Dr. Nancy Simonian: One for All

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Kim Ribbink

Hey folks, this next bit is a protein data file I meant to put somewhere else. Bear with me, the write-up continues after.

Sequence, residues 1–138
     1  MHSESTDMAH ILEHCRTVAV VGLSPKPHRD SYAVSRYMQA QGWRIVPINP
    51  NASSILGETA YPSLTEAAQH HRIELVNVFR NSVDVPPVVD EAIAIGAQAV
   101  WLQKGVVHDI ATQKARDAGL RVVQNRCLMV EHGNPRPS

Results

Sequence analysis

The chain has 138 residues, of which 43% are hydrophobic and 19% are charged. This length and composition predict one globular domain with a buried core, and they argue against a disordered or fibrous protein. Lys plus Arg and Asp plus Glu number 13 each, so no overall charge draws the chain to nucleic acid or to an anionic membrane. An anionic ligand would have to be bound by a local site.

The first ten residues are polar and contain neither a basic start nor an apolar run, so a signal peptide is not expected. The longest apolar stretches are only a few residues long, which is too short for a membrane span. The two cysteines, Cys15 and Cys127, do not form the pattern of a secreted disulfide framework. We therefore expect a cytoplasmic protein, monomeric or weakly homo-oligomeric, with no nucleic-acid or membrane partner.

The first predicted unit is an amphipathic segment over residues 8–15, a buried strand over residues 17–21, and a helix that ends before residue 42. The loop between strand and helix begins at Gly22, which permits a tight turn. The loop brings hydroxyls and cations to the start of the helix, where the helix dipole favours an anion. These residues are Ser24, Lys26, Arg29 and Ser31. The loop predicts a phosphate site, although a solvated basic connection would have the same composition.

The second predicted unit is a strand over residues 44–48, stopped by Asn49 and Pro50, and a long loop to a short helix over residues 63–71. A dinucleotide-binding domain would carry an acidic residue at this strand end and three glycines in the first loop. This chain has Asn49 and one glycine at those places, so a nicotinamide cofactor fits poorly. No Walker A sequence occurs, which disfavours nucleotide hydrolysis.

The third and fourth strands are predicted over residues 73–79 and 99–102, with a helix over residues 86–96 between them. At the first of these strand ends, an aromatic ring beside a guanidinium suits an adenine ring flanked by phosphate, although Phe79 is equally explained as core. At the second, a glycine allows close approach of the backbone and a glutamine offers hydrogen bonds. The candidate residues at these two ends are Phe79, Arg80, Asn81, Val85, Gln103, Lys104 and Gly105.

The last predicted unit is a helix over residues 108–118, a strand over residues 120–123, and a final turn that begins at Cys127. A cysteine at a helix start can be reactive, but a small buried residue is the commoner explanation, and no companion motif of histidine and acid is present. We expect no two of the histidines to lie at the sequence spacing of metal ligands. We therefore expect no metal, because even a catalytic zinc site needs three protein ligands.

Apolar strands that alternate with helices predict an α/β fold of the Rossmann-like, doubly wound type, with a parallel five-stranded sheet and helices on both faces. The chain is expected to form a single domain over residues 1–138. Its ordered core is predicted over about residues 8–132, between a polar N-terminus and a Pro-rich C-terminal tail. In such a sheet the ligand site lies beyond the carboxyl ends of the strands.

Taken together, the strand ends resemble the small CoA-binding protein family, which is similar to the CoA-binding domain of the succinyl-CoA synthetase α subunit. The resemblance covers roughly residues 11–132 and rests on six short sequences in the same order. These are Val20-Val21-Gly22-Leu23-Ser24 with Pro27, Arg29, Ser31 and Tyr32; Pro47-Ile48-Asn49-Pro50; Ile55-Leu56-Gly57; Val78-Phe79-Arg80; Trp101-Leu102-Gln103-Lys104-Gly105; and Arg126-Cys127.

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There’s no place for the arch ego in today’s most progressive biotechnology companies or for that matter, at pharmaceutical companies. Rather, scientific leaders such as Nancy Simonian, M.D., are leading the charge toward collaborative ingenuity. Teamwork is very much Dr. Simonian’s mantra. Indeed, it is the collaborative spirit of biotechnology that spurred Dr. Simonian to join the industry in the first place, and it is how she has been working ever since. “Integration of cross functions is very much in the DNA of small biotech companies, and I like working with interdisciplinary, collaborative teams and bringing people with many different backgrounds and opinions to the table to try to solve the complex problems of drug development,” Dr. Simonian says. At Millennium: The Takeda Oncology Company, where she is chief medical officer, Dr. Simonian is a key member of a team that shrugs off departmental protectiveness and builds synergies that deliver tangible results in research and development. “I’m a strong believer that to create innovation in R&D there has to be very close integration and collaboration across the R&D chain,” she says. To that end, rather than having a single head of R&D, a team comprising Dr. Simonian, as chief medical officer, Joseph Bolen, Ph.D., as chief scientific officer, and Peter Smith, Ph.D., as senior VP of nonclinical development sciences, works in tandem to run the R&D organization. The three meet regularly to discuss what’s going on across the R&D organization and the areas requiring the greatest focus. In so doing, they also drive collaboration among members of their own teams. “We make sure that what is being done in research is going to be important for what will be done in development and ultimately what we think is important for the patient,” she says. “Likewise, we take learnings from the clinic and feed those back to research, which helps us improve the way we are working.” Dr. Simonian says this approach extends beyond the company walls into strong allegiances with academic institutions and nonprofit organizations, such as the National Cancer Institute and the Multiple Myeloma Research Foundation. Today, Millennium is delving into many exciting and evolving areas of cancer research and building a pipeline of products that potentially mark a turning point in the treatment of many cancers. (To read more about Millennium’s pipeline, access the digital edition at pharmavoice.com.) Enabling the Process The complexity of the life-sciences industry, particularly in today’s highly regulated and competitive market, means leaders must not only be able to thrive in a collaborative, team-oriented environment, but must have an understanding of the bigger picture. “Success requires having some level of understanding of the broad number of components that go into the business,” Dr. Simonian says. “Leaders don’t necessarily need to be technically proficient in all areas, but it’s important to have enough of a sense for why they are important and how they influence decisions. I believe today’s leaders need to be able to work in a team-oriented setting. It’s not about one individual with particular knowledge; it’s how to turn a group of people with different technical expertise into a group that can be greater than the sum of its parts.” Since women tend to be more collaborative and team oriented by nature, Dr. Simonian says the demands of today’s business can serve women very well as future leaders. Her own success at Millennium, where she is responsible for clinical development, regulatory affairs, pharmacovigilance, and development project and portfolio management, is testament to that. As she guides her team of innovators, Dr. Simonian looks to challenge her staff with ideas and questions while providing them with the autonomy to get the job done. “The way I learn as a leader is by asking questions and understanding how people think about a problem,” she says. “This not only helps me understand how my team members are thinking about challenges, it helps them to think, in some circumstances, differently than they may have otherwise. I believe having the right people in place creates a dynamic that encourages constructive challenging; that’s the optimal scenario.” In addition, Dr. Simonian looks beyond the confines of the workplace to gather ideas. She is on the board of Arqule Pharmaceuticals, a publicly traded biotech company, as well as the board of a nonprofit organization, the Personalized Medicine Coalition. “These other opportunities help me to think differently and broaden my horizons in terms of networks and ideas,” she says. “As a board member, I am able to step back and view things a little differently. Then when I return to my day-to-day job I am able to put a different lens and perspective on my own company. It is often difficult for leaders and managers to step back, view things in the broader context, and look down the road to the future. Any opportunities to get out of the here and help to make us better leaders and keep our companies competitive.” Plunging Into New Territory There’s one thing that’s abundantly clear about Dr. Simonian: she’s not afraid to take risks. From the move that took her from academia to biotech to the decision to leap into a challenging role at Millennium, Dr. Simonian has steered her career toward new opportunities. In fact, even her decision to move into the field of neurology research, rather than surgery, was a deviation from what might have been a predefined path. The daughter of a surgeon, Dr. Simonian says medicine has always been a part of her life, and from an early age she remembers watching her father perform surgeries. It was no surprise when she chose to go to medical school, but while she had anticipated following the surgical route, she found she was not as excited by the area as she had anticipated and found herself drawn to science and research around medicine, particularly neuroscience. This interest is what led her into academia at Massachusetts General Hospital, Harvard Medical School. “While I enjoyed the aspect of seeing patients, my passion was directed toward science and research,” she says. At the time, professors of medicine — the men and women who were Dr. Simonian’s role models — were expected to have a trifecta of skills: they taught, conducted research, and saw patients. But it became clear to Dr. Simonian that in order to do research at the highest level, it was difficult to juggle teaching and patient care. At the same time, she wanted her work to be applied to helping people. “At first I didn’t realize I could achieve these goals by being part of a biotech or pharma company, because those who I trained and interacted with at Mass General had little first-hand knowledge of the opportunities that biotech presented and considered going into industry a questionable career choice,” she says. But Dr. Simonian is not someone so easily swayed by opinion and when she got a call from a recruiter looking for a neurologist to join Biogen, she decided to go for the interview. “Biogen had a very science-driven culture and its clinical team was staffed with people from academic medicine,” she says. “I soon realized that I could get some of the things that were important to me outside the world of academic medicine, so I took the plunge.” Despite some of the misgivings of her colleagues at Massachusetts General, she has never looked back. A researcher by nature, Dr. Simonian has found that biotech is her natural home. To test her theory, she did go for an interview at a pharmaceutical company before joining Biogen. Dr. Simonian says she is inspired by all things that define biotech: its science-centric focus, the strong collaboration and integration across research and development, and the fact that, unlike large pharma companies, there is very little hierarchy and bureaucracy, and each person feels he or she can have a broader impact across the organization. “My job at Biogen was to lead the clinical efforts on interferon-beta and the company’s first product Avonex, which gave me a broad perspective across the company: research, development, and commercial,” she says. Pulling Together While the change from academia to industry can be a challenge for many people, Dr. Simonian found she adapted fairly effortlessly. “In the academic setting, the physician can be at the center of decision making, but in a company the clinical or medical person is one of many equally important voices at a table and it’s necessary to work more collaboratively,” she says. “I found this to be refreshing. At a company, we all have a common goal and work toward that.” Nevertheless, her academic background has stood Dr. Simonian in very good stead, encompassing a network of colleagues as well as laying the foundation for scientific rigor. This experience forms the basis of how she tackles a scientific problem, how she solves hypotheses, and how she conducts experiments. All of this has contributed to many significant breakthroughs and achievements during the six years she spent at Biogen. The company’s first marketed product, Avonex for multiple sclerosis, was approved based on a single Phase III study. “What I found most satisfying was being able to see the evolution of Avonex, the additional indications that we received, as well as additional research on brain atrophy, cognition, and other different areas,” Dr. Simonian says. Aside from the clear benefit to patients, Dr. Simonian was very proud that she and her colleagues were able to make some big changes in how the field thought about clinical trials and treatment in MS. One of the huge career benefits of working on Avonex from early on was that Dr. Simonian got a bird’s-eye view of the clinical, commercial, and marketing interface and the importance of not just having good data but being able to communicate clinical data, understand customer needs, and provide patients with what they need in the most appropriate way. “Coming from an academic medicine background, this was a new learning and I was very fortunate to have the experience early on,” she says. “Now, when I think about drug development I don’t think about it purely from an R&D standpoint; I think about it from the perspective of the unmet need, the customer’s need, what physicians want, and what patients want. It’s important to keep all of these in mind, because increasingly companies are going to need to provide products that create true value over what already exists.” During her time at Biogen, Dr. Simonian was also involved in the decision to in-license Tysabri for the treatment of MS. “We now know the compound carries some risk but the efficacy is spectacular, and it has made a big difference for a lot of patients in a very positive way,” she says. The experiences that perhaps helped most in preparing her for further leadership roles were building teams and ensuring the right people were in place. “Bringing in and developing great talent are important capabilities but the corollary to those are being able to identify the individuals who aren’t working out well in the team, for whatever reason,” she notes. “It’s better to deal with these situations earlier rather than later. At the end of the day, it’s how the whole group works together and how individuals pull together for the overall benefit of the company.” Setting New Goals Though Dr. Simonian was not particularly looking to leave Biogen, she realized after six years that she was ready for a new challenge. She had been looking internally for new opportunities when she received a call from a former Biogen colleague, who was consulting for Millennium and had been put in charge of finding a new clinical head for the company. On first hearing about the position, Dr. Simonian didn’t think she was the right person for the job since the company was looking for someone with at least 15 years of industry experience. But her former colleague put her name forward and she went for interview. “Similar to the experience I had when I went to Biogen, I really connected with the people I met and was drawn to the culture, and this was an important component for me,” she says. “I got the job and looking back, maybe it was a bit of a stretch to hire me, but ultimately I was given this wonderful opportunity.” This “wonderful opportunity” has worked out well for both Dr. Simonian and Millennium. She moved fairly quickly from VP of the clinical department, to senior VP of clinical, medical, and regulatory affairs, to her current position as chief medical officer. “When I joined the company, there wasn’t much of a department and I quickly had to figure out how to build a team from within the organization and by hiring externally,” she says. “Because there wasn’t much of a foundation, I could build the team in the way I felt was best; I didn’t have to deal with a lot of legacy.” Such challenges are a perfect fit for Dr. Simonian. “I am continually interested in broadening and challenging my sphere; I like to be on the learning curve, and often I ‘get what I asked for,’ but in a positive way,” she says. Aside from her day-to-day role as Millennium’s chief medical officer, Dr. Simonian chairs the company’s portfolio review committee, helping to decide how to allocate resources for everything in oncology development. Even as a wholly owned subsidiary of Takeda, Millennium remains an autonomous biotech entity. With the money that the overall Takeda corporation allocates to oncology R&D, Millennium’s senior management determines how much should be allocated to research versus development. “We want to make sure we have the right balance; we want to invest enough in research to make sure we have the appropriate flow of programs into development for the long-term profile, while ensuring there is enough money in development to be able to optimally develop each program,” she says Millennium has more than 300 projects under way and more than 17 drug candidates in the areas of protein homeostasis, angiogenesis, growth signaling inhibition, hormone regulation, cell cycle inhibition, and apoptosis in development. To determine how much to spend across this vast array of projects, the portfolio review committee conducts a rigorous portfolio prioritization, conducting analytics on the target product profile, including what the molecule is; what kind of attributes it has, including is it first in class, best in class, etc.; what the market potential is; what spend is required to get through the various development stages; and what the probability of success is. “Then we look at the strategic factors that are most important to us in terms of revenue, time frame, and level of risk,” Dr. Simonian says. “One of the exercises we employ is to prioritize the portfolio, and while part of this is quantitative, there is also a qualitative piece. We look at the numbers and ask does the ranking make sense? Does our understanding of the biology fit with the data? Should some projects be shifted to a high, medium, or low priority, and then we take that prioritization and figure out how to allocate the dollars accordingly.” This is much like any investment decision: a constant juggle of risk and reward, she says. There could be drugs with major revenue potential but may have a lot of risk while others may have more certainty but aren’t going to have the huge revenue potential. “This is a very collaborative effort with the folks in finance who do a lot of the modeling, as well as teams involved in the research, commercial, and clinical areas,” Dr. Simonian says. “This is a very integrated portfolio process that tries to bring in all the various components; the goal is to maximize the way we make investments to better our chance of delivering innovative new medicines to patients.” F PharmaVOICE welcomes comments about this article. E-mail us at feedback@pharmavoice.com. The oncology-focused biotech company Millennium is thriving under the collaborative direction that is being driven by Chief Medical Officer Dr. Nancy Simonian, who is also bringing synergy and interactivity to R&D activities.“Success requires having some level of­ ­understanding of the broad number of ­components that go into the business. Leaders don’t necessarily need to be ­technically ­proficient in all areas, but it’s ­important to have enough of a sense for why they are important and how they influence decisions.” For Millennium’s progressive Chief Medical Officer Nancy Simonian, M.D., the problem of shrinking pipelines that faces much of the industry points to a need for a greater focus on true innovation. “The biggest challenge we face, overall as an industry, is R&D productivity,” she says. “We have a wealth of information and lots of potential targets to go after. The difficulty facing companies is how to choose what to invest in, and how to invest in them most effectively and efficiently.” Dr. Simonian believes that having the ability to be focused at a deep level in certain biologies is critical to success. Companies that focus on their expertise, while also looking to external opportunities, will do best. “But the challenge is choosing where to focus these efforts, and knowing how to combine a specific area of biology and the instinctual aspect of where the next important ideas lie,” she says. “This is why it’s important to have a deep expertise and a culture of innovation. Companies that are just turning the crank and aren’t innovating won’t be successful in the long run.” One of the biggest challenges facing companies today, however, is that factors beyond good science and good data can impinge on decision making. “Sometimes issues, such as politics and changing regulations, can start to play a role,” she says. “Our industry has to stay focused on the science and what the data are, and accept that there is always uncertainty. By making the development of new medicines a science and data-based endeavor, we can continue to innovate.” A big challenge facing the industry, she says, is the loss of revenue as patents expire. “This will put greater pressure on R&D investing,” she says. “Also, the explosion of new science and biology in so many areas that require investment based on outcomes and skyrocketing costs of clinical development continue to put pressure on being successful as an industry and impact how we are able to bring those exciting next new molecules to the clinic and then patients.” She warns that any cutbacks on the industry’s ability to invest in R&D could have a detrimental impact on human health down the road. “A lot of important advances have been made but there’s so much more we need to do, and my concern is how do we appropriately weather the storm over the next several years to ensure the industry has the long-term ability to turn incredible science into new medicines,” she says. “Success requires having some level of­ ­understanding of the broad number of ­components that go into the business. Leaders don’t necessarily need to be ­technically ­proficient in all areas, but it’s ­important to have enough of a sense for why they are important and how they influence decisions.” Nancy A. Simonian, M.D. — Resume 2006 – Present. Chief Medical Officer, Millennium: The Takeda Oncology ­Company 2005 – 2006. Senior VP, Clinical, Medical & Regulatory Affairs, Millennium 2003 – 2005. VP, Clinical Department, ­Millennium 2001. VP, Medical Research, Biogen 2000 – 2001. Senior Director, Medical Research, Biogen 1997 – 2000. Director, Medical Research, Biogen 1995 – 1997. Associate Director, Medical Research, Biogen 1997 – 1999. Assistant Professor, ­Neurology, Harvard Medical School, ­Massachusetts General Hospital 1994 – 1997. Instructor in Neurology, ­Harvard Medical School, Massachusetts General Hospital Education and Training 1992 – 1994. Clinical & Research Fellow in Neurology, Harvard Medical School, ­Massachusetts General Hospital 1989 – 1992. Resident in Neurology, ­Harvard Medical School, Massachusetts General Hospital 1988 – 1989. Intern in Internal Medicine, Harvard Medical School, Massachusetts General Hospital 1988. M.D., University of Pennsylvania Medical School 1983. B.A. Princeton University Honors and Awards 1995. Physician Scientist Award, National Institutes of Health 1994. Ellison Scholar 1989. Academic Medicine Prize, ­University of Pennsylvania School of Medicine 1988. Neurology Prize, University of Pennsylvania School of Medicine 1987. Charles A. Dana Fellowship 1987. Alpha Omega Alpha “When I think about drug ­development I don’t think about it purely from an R&D standpoint; I think about it from the perspective of the unmet need, the customer’s need, what physicians want, and what patients want.” “I am continually ­interested in broadening and challenging my sphere; I like to be on the ­learning curve.” When Millennium was acquired by Takeda Pharmaceutical Company Ltd. in May 2008, the company became an oncology-focused enterprise, and merging the oncology resources of both companies has resulted in a more robust pipeline of investigational drug candidates. The company now serves as a global center of excellence in oncology under its new name: Millennium: The Takeda Oncology Company. A key area of focus for Millennium’s scientists is protein homeostasis, where the company is one of the world leaders. The company’s first-in-class proteasome inhibitor Velcade for the treatment of patients with multiple myeloma and relapsed mantle cell lymphoma continues to be investigated for other indications. The compound currently is in pivotal trials for treating follicular lymphoma and has revolutionized the way hematological malignancies are treated. In addition, the company has a second-generation proteasome inhibitor program that’s in the clinic now. Proteasome inhibition constitutes a unique approach to targeted therapy. Inhibition of the proteasome prevents the degradation of numerous regulatory proteins, affecting multiple signaling cascades within the cell. “This compound has different properties than Velcade, and preclinically it works in Velcade-resistant models,” says Nancy Simonian, M.D., chief medical officer at Millennium. “It is also an oral molecule so we think this could be an advantage in the marketplace for treating myeloma and lymphoma especially in the maintenance setting.” “Also from the protein homeostasis platform is the NEDD8-Activating Enzyme (NAE), which is a target upstream of the proteasome that was discovered by Millennium scientists,” Dr. Simonian says. “The biology is beautiful; it speaks to the innovation and the science, and hopefully this will translate into a new treatment for cancer patients.” That project is currently in early clinical trials. In addition, Millennium has a molecule called TAK-700 that arose out of the strong research efforts at Takeda in the area of hormonal regulation. “Takeda discovered Lupron, the mainstay for hormonal treatment in prostate cancer and now we have this other molecule, TAK-700 a 17,20 lyase inhibitor and it has shown promising data in early-phase clinical research,” she says. The progression and growth of prostate cancer cells requires the production of testosterone — the result of a long signaling cascade that begins with the secretion of the gonadotropin-releasing hormone and lutenizing hormone by cells in the pituitary gland, which in turn induce cells in both the adrenal glands and the testes to secrete testosterone. Testosterone then travels to the prostate, stimulating the growth of cancer cells. While existing therapies target testosterone production in the testes, it is also secreted by cells in the adrenal cortex. Testosterone is synthesized in the mitochondrial membrane of adrenal cells by a series of enzymes, including 17,20 lyase. In preclinical studies, TAK-700 has been shown to bind to and inhibit the enzyme 17,20 lyase in both the testes and adrenal glands. This is a molecule in the same class as abiraterone, which was developed by the biotech company Cougar, which was acquired by J&J last year for $970 million. “The whole class of 17,20 lyase inhibitors, of which we have the second one in the running, is one of the most exciting new drug classes for treating prostate cancer,” Dr. Simonian says. Another Millennium program that excites Dr. Simonian is an inhibitor of Aurora A kinase. During mitotic cell division, Aurora A is a protein kinase involved in centrosome function and spindle assembly. It is required for faithful chromosome segregation. Aurora A kinase is over-expressed in a wide range of cancers, although the significance of this is not known. In vitro, over-expression of Aurora A resulted in neoplastic transformation of certain cell lines, leading to Aurora A kinase’s designation as an oncogene. In preclinical studies, MLN8237 has been shown to selectively bind to and potently inhibit Aurora A kinase. “We’ve seen single agent activity in early clinical trials on advanced cancer patients, and we now have a very broad program going on in Phase II; this is a first-in-class oral molecule that has the potential to be very important in cancer,” she says. For all of its clinical programs, Millennium works closely with academic institutions and nonprofit groups. With its ongoing work on Velcade, the company works with multiple cooperative groups and foundations, including the Multiple Myeloma Research Foundation (MMRF), on a variety of different studies. “The MMRF is also supporting our Aurora A kinase inhibitor program in a trial in combination with Velcade, and the group has been instrumental in moving new therapies forward in myeloma,” Dr. Simonian says. From a clinical-trial perspective, Millennium also works early on with the National Cancer Institute through a process whereby investigators at the NIH can access the company’s molecules and conduct investigator-initiated studies. “We work very closely to conduct clinical trials with the National Cancer Institute, and with cooperative groups for Velcade and some of our pipeline molecules,” she says. “We are working with the Children’s Oncology Group on our Aurora A kinase inhibitor for the development of 8237 in childhood cancers, in parallel with our adult program.” Dr. Simonian says the company believes it is important to form collaborations during the development of products since broader study results can pay dividends in greater development potential. “For example, with Velcade after we pursued studies related to myeloma there were some investigator-initiated studies to research its use in lymphoma, and through those studies we had data that showed very strong signals in mantle cell lymphoma and follicular lymphoma; from those studies we decided to pursue company-sponsored studies.” F “This whole class of 17,20 lyase inhibitors, of which we have the ­second one in the running, is one of the most exciting new drug classes for treating prostate cancer.”